‘X-Factor Israel’ winner Fostanes suffered humiliation in her countryBy Jaymee T. Gamil
Philippine Daily Inquirer
MANILA, Philippines—”Baboy! Bumaba ka diyan! Magigiba ang stage! (Hey, pig! Get off! The stage might collapse!).”
This was the heckling suffered by Rose Fostanes, 47, back when she was joining local singing contests in the Philippines.
Now the caregiver in the Middle East is garnering only praises, after being declared the winner, despite being the lone foreign contender in the singing contest “X-Factor Israel.”
In an interview at Fostanes’ home community in Barangay (village) Calzada-Tipas, Taguig, Fostanes’ younger sister Gina Camposano, 45, said the family was initially shocked at the win, despite their confidence in Fostanes’ “No. 1″ voice.
“We were surprised, since usually these contests look for the ‘package deal,’ someone who also looks like an actress,” Camposano said in Tagalog, describing the usual “young and sexy” women sought by judges in these competitions.
Fostanes’ cousin Ann Marie, 40, recalled that while Fostanes had been joining local singing contests since she was four, “she would lose sometimes just because her opponent was fairer or thinner.”
With show business usually favoring only the fair, “I was scared that if she lost, that would make her depressed or give her an inferiority complex,” Camposano admitted.
“It’s not that I underestimated her. I knew she was good. But let’s admit it: these contests usually look for the whole package,” Camposano said, narrating previous local contests in which the audience would jeer at her eldest sister, even call her “a pig.”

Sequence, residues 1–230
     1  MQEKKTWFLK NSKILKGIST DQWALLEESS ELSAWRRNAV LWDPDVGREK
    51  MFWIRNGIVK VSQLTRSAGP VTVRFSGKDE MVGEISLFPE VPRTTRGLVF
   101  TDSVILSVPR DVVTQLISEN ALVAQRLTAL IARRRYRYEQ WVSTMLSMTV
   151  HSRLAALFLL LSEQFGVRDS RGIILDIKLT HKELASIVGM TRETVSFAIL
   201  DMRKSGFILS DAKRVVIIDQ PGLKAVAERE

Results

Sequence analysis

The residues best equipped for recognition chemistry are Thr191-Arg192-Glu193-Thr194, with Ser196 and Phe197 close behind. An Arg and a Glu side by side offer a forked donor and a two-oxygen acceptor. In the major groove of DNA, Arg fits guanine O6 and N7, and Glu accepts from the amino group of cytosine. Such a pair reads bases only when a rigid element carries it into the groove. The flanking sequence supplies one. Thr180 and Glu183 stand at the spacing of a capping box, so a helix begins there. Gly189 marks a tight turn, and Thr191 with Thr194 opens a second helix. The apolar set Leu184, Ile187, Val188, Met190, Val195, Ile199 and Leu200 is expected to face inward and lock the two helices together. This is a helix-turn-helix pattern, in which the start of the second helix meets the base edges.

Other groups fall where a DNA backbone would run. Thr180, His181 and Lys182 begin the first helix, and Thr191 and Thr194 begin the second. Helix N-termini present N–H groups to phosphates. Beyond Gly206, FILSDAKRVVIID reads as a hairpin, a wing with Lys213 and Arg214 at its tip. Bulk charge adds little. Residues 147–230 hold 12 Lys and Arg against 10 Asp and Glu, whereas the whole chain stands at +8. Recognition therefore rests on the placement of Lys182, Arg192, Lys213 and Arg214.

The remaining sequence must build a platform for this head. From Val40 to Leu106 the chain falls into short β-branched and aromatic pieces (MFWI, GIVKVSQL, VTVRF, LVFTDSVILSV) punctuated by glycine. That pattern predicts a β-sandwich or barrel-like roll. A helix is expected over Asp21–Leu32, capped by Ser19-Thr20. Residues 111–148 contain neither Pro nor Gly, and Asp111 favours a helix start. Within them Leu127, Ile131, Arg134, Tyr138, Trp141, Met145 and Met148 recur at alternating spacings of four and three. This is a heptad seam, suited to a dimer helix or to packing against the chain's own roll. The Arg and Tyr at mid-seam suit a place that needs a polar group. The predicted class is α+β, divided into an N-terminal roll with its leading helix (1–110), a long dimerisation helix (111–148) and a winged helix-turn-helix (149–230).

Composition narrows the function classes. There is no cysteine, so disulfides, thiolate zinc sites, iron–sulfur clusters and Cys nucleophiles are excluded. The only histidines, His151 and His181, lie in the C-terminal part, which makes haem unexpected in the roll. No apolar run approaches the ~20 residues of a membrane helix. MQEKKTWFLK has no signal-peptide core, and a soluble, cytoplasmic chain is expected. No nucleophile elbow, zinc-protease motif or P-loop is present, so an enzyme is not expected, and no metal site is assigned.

But Camposano was firm in so far as her “Ate Osang’s” good qualities were concerned: “She is loving and generous. Everything she earned, she would spend on us, for our family’s food, medicines and house, and for our education.”
Fostanes was the eldest in a brood of four and was prompted to become the breadwinner of the family at a young age after their father left them with a sickly mother.
Ann Marie said that as teens, they would sell fruits in Manila city for cash. “But singing was really her passion. Even when we were selling fruits for a living, she would sometimes join contests, or sing in restaurants. Singing was how she relaxed,” the cousin recalled.
Fostanes started working abroad at 23, first as a househelp in Egypt. She then spent a decade in Lebanon, before spending the last seven years in Israel.
In all this time, she continued to send money home to her family, having their old house in Taguig expanded. “She couldn’t really save for herself. Everything went to us,” Ann Marie said.
She added that Fostanes rarely went back home to the Philippines, because it was too expensive. The last time Fostanes was able to make it home was in January 2011, for her birthday.
Camposano and Ann Marie said they had yet to talk to Fostanes since she won the contest early Wednesday morning, Philippine time. Most of the family watched the live-streamed contest online. Their other sister, Nancy, and Fontanes’ girlfriend, Melinda Adel, were the only ones flown off to Israel for the finals.
Fostanes’ family members noted with pride that she has joined the rank of beauty queens and athletes who have lifted the Filipinos’ spirits by making a mark on the international stage. “She’s also lifted the curse on ‘My Way,’” Ann Marie joked, referring to Fostanes’ winning Frank Sinatra cover for the finals. The song is notorious in the Philippines for causing brawls in karaoke joints.
“For everything she’s given, finally, it’s her turn to taste the good life,” Camposano said.
In a statement, Taguig Mayor Lani Cayetano also praised Fostanes: “We are all so proud of Osang here in Taguig. She is indeed an epitome of hope, her powerful voice touching hearts not only of Israelis, but of all of us.”
She added: “We hope that she serves as an inspiration to all of us to reach out for their dreams.”